After thinking about it, I thought that that was the only practical solution. But, I said I would ride 40-miles per march day, to make up for not walking them. That would also solve the problem I had of not having rides lined up on most of my routes back to my car.
I decided to cancel the Pasadena to Burbank march so I could rest. I was exhausted from the pace I had been keeping over the previous two weeks. I would just add another march day sometime during the next four weeks.
That night, I spent the night in the trailer again, and wondered if I was wimping out.
For the past two days since leaving Orange, I have been staying with a high school friend and her husband in Palos Verdes. They live in a magnificent home in an exclusive estate community in the hills of Palos Verdes. It is a beautiful place. There are white picket fences around homes that have horses grazing on grass. And, wild peacock roam freely.
Both Greg and Tracy are Conservative, and have, in the past, invited me to visit with them. I figured that since I was in the area, that I would take them up on it. I had decided to cancel the Pasadena to Burbank march in order to rest my feet another day. I spent the night here and this morning, I tried finding a place to get my banner done.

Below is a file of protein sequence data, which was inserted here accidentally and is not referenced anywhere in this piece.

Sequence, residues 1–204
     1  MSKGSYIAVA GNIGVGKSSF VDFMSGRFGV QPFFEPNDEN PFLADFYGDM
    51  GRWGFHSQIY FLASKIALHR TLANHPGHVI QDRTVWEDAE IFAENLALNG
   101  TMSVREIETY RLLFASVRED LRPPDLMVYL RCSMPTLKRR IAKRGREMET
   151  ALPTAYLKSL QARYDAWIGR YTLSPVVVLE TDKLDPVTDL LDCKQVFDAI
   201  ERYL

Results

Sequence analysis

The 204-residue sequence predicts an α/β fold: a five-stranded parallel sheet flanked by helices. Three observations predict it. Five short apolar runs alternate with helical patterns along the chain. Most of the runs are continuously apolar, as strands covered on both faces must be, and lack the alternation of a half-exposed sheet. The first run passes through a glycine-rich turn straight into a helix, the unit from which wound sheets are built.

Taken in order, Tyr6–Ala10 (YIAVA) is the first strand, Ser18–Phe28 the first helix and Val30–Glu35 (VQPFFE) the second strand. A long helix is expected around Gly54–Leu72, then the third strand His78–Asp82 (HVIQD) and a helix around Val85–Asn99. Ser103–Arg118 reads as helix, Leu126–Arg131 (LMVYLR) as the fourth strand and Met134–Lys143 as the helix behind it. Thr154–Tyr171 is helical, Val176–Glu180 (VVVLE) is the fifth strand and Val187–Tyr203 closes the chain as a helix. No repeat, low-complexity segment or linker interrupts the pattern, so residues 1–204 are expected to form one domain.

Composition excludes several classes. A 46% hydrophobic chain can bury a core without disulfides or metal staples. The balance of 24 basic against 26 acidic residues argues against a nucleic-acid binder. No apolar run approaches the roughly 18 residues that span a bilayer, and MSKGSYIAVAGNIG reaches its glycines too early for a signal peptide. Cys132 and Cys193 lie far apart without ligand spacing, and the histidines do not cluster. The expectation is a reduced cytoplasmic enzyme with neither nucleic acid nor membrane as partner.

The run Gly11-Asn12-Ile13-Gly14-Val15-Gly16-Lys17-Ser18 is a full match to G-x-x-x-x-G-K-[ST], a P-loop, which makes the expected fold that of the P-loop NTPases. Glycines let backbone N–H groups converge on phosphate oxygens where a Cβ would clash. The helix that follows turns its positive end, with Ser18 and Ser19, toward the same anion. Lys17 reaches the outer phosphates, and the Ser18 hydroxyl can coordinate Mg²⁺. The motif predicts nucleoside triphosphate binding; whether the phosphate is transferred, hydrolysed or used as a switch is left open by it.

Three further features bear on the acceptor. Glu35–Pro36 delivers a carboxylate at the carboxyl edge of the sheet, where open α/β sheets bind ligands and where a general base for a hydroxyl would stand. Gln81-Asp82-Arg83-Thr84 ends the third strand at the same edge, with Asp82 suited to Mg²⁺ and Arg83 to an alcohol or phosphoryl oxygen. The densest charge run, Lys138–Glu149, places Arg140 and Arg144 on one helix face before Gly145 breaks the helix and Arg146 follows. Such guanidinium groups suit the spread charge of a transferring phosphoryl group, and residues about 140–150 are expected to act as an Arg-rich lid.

Today, my feet felt a lot better and I was able to walk on them a bit more. Greg is a spinal surgeon and Tracy is a Pharmacist. Greg examined my right foot, said, “Yup those are blisters,” and then gave me some over the counter medication for pain and inflamation. Tracy gave me moleskin, which is supposed to prevent blistering.
Greg cooked tonight and served up a delicious roasted chicken, asparagus, small potatoes, artichoke, and baked cauliflower. Cooking is one of his passions. It was absolutely delicious.
Tomorrow, when I do the march in Los Angeles from Venice Beach to Hollywood and Vine, I will do so on foot. If it becomes too excruciating to walk after that, then I will have to do eight marches on the bicycle until my blisters dry up and my feet heal.
Tracy works in Little Armenia by Hollywood, so after I am finished marching, she will drive me to my car in Venice Beach.